LFF 2017 – The Shape of Water Review LFF 2017 – The Shape of Water Review
5
A magical and original ode to classic Hollywood, Del Toro’s latest is an inspiring blend of fantasy, science-fiction and romance Eliza (Sally Hawkins) has... LFF 2017 – The Shape of Water Review

A magical and original ode to classic Hollywood, Del Toro’s latest is an inspiring blend of fantasy, science-fiction and romance

Eliza (Sally Hawkins) has a precise routine. She wakes up, boils eggs, masturbates in the bathtub, and heads off to work as a cleaner in a government facility. She is also mute. As someone with a disability, Eliza is treated differently by everyone else, and is often seen being talked over, with people asking her friends what she is signing, instead of asking her directly. Eliza’s life is not particularly solitary – she has strong relationships with her co-worker Zelda (Octavia Spencer) and neighbour Giles (Richard Jenkins). Still, Eliza’s life is marred by an undeniable sense of solitude, as nobody in her life can really understand her experiences.

That is, however, until a top secret delivery arrives at the facility Eliza works at (for some reason Eliza and Zelda have access to this extremely classified material, but suspension of belief is crucial to the film’s beauty). Inside is a mysterious sea creature; an amphibious man that is of great interest to the American government. Eliza begins to develop a friendship with the creature, which takes her life in directions she never expected.

Guillermo Del Toro’s latest feature is set in Baltimore during the 1960s at the height of the Cold War. Despite its American setting, Del Toro filmed in the cities of Toronto and Hamilton in Canada. As someone born in Hamilton, it is truly refreshing to see the magic of film at play, reinventing familiar locations into something else entirely.

Del Toro has always been a filmmaker deeply in love with cinema of all forms – his films span countless genres and concepts. Critics are quick to point out that Del Toro is full of interesting ideas that tend to not translate particularly well on screen. Personally, as a huge fan of the directors work, it’s hard for me to imagine people not being on board with this one. Love and romance are at the very core of The Shape of Water, and the warmth that runs through is more powerful than any of his previous films.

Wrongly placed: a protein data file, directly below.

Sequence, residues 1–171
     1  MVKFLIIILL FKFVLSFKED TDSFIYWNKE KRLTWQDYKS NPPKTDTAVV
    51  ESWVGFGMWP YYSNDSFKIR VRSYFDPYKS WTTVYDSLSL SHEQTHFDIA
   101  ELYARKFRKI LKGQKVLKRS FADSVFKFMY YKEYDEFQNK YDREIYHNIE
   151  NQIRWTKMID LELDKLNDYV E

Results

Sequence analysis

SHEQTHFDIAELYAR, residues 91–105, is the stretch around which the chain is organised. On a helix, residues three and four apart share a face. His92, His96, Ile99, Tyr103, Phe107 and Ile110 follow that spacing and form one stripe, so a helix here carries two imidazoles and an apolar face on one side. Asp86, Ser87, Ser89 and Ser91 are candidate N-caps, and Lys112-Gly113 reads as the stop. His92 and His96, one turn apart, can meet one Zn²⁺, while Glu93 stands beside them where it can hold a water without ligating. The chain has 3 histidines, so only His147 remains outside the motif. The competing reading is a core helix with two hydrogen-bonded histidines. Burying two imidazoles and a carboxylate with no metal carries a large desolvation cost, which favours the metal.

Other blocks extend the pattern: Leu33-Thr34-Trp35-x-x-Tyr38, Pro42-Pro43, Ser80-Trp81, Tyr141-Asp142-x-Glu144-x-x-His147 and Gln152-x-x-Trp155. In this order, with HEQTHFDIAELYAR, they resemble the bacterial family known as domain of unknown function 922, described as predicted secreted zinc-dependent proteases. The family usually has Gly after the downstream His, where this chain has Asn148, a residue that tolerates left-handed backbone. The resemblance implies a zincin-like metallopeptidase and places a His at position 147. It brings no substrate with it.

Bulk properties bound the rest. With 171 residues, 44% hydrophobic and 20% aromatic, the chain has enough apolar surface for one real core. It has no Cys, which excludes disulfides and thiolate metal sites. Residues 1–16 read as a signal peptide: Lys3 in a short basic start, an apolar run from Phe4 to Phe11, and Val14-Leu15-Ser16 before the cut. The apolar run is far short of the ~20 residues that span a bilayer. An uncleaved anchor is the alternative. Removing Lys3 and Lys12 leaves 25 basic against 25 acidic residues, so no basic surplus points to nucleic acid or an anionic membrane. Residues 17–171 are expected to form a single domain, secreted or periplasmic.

The Shape of Water is indebted to classical Hollywood. It is rife with references to vintage cinema, including a number of discussions about various stars and clips from older films. There is a particularly spectacular moment in an homage to the Fred & Ginger musicals that is one of the film’s highlights. Fascinatingly, the film closely mirrors a more classical Hollywood film structure while still maintaining Del Toro’s penchant for B-movie violence and gore. The phrase ‘a love letter to cinema’ may be a bit overused, but it fits this film rather beautifully. The film is a pitch-perfect blend of science fiction, fantasy, crime procedural, thriller and romance.

Then, of course, there is Hawkins’ performance. As she does not speak, her performance is purely physical. It’s a difficult task to convey emotion without audible dialogue in modern film, but Hawkins does it with such beauty and grace that you almost forget her character cannot speak. Her work feels authentic and grounded. Her eyes and smile are utterly beguiling, and she is absolutely magnetic in every moment. In a film full of endless magic, Hawkins is the most exquisite part of it. The Oscars won’t know what hit them.

 

The Shape Of Water was screened at the London Film Festival and is released in cinemas on 16 February 2018.

Facebook Comments

Barry Levitt

Obsessed with all things cinema, football, ice hockey (I am from Canada, after all), american football and gaming. Favourite directors include Wyler, Almodovar, Egoyan, Kubrick, and Mankiewicz. Mostly sitting around waiting to talk about RuPaul’s Drag Race.